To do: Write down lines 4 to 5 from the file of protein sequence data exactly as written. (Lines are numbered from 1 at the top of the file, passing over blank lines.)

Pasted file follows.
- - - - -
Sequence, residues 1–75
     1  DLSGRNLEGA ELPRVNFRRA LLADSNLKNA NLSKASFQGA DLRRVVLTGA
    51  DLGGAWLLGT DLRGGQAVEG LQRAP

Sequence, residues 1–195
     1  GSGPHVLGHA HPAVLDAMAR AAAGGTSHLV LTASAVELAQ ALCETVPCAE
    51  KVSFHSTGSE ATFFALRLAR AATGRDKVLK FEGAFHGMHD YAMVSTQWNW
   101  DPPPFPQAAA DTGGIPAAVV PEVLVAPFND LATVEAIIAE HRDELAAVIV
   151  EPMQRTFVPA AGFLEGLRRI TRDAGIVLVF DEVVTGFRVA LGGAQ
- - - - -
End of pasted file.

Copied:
Sequence, residues 1–195
     1  GSGPHVLGHA HPAVLDAMAR AAAGGTSHLV LTASAVELAQ ALCETVPCAE